Possibly a very silly question, but before this particular change request, were any of the interim files checked into SVN?
     

    No. We checked in the original source, the output java source and the scripts. This gave us full reproducability. The output Java was checked in because of an auditor militantly enforcing a policy that all Java code must be in source control. Jar and interim files they don't care about.

     

    Are the output files also totally off-limits to manual modifications?  Both companies I've worked at have had an automatic code generation tool that generates java classes, which are then off-limits to manual modification.  I've always wondered what is the point of relying on developers to constantly remind new hires not to make manual modifications, instead of enforcing this by not providing .java files in the first place.  Prhaps instead of checking those .java files into svn, the build process ought to have one final step to run javac and then jar, so that the true output are .class files instead of .java files?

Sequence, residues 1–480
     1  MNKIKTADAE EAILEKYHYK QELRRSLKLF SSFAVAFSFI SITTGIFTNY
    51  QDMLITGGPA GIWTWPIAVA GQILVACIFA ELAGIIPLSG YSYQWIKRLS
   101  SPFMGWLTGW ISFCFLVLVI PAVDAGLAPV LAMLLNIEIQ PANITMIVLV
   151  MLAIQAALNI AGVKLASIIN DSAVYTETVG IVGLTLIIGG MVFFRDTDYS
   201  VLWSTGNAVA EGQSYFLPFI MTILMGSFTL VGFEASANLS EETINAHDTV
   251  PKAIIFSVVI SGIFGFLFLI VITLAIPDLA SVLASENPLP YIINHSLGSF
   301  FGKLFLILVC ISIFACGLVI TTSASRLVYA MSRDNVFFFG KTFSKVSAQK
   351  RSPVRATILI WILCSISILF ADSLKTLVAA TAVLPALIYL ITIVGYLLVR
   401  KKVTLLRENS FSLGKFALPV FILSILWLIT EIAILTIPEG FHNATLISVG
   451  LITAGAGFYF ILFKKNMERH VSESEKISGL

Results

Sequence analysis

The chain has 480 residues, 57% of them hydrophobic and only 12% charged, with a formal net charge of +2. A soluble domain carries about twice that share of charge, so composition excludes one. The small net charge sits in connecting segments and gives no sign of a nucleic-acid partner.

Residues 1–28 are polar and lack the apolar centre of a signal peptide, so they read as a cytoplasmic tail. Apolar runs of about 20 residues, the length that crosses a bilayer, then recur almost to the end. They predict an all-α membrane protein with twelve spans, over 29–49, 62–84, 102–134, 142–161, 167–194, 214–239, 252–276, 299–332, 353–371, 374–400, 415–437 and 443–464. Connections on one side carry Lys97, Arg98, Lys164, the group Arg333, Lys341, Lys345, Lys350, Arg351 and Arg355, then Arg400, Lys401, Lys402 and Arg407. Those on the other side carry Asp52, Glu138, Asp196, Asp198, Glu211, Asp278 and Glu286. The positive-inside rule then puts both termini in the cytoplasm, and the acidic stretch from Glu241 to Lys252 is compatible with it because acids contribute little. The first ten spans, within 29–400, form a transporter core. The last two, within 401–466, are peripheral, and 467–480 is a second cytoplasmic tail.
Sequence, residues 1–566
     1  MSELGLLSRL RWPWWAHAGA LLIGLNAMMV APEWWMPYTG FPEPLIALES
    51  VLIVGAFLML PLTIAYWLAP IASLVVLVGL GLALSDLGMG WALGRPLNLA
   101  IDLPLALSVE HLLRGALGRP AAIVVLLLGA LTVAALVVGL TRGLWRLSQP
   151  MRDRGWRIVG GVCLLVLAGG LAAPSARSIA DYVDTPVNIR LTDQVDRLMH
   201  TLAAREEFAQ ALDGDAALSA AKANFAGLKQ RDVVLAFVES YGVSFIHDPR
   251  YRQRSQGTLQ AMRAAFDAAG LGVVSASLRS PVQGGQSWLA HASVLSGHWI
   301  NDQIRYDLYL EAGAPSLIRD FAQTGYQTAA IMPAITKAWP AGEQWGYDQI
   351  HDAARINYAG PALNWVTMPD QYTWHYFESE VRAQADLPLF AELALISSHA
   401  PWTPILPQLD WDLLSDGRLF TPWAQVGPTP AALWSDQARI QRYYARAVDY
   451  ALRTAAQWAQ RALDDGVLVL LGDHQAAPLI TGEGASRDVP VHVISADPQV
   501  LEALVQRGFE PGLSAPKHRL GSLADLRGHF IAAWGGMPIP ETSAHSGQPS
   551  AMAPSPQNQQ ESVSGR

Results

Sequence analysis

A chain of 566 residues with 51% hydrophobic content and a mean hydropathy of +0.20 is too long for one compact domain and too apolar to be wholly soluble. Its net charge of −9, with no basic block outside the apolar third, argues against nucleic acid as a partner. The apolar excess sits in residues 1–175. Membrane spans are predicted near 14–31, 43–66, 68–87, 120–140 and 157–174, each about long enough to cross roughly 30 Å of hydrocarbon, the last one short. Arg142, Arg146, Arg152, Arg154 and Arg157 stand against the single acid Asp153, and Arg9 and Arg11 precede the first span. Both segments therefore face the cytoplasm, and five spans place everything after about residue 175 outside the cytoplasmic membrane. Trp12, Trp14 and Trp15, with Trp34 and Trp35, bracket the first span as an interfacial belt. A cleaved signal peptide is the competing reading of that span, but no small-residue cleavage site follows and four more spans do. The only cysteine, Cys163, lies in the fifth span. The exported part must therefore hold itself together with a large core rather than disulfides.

• @snoofle said:

    When queried why he'd change generated files instead of the source, he explained that the changes were in svn so it's ok. When I explained that the next build would wipe out the changes, he explained that they were still in svn, and could be manually retrieved.

    I deal with people like this all the time. I think development is so hard for them that anything that works is acceptable. They look at you like you have two heads when you complain about a working solution, because in their minds, there are only two states of code: broken and not-broken.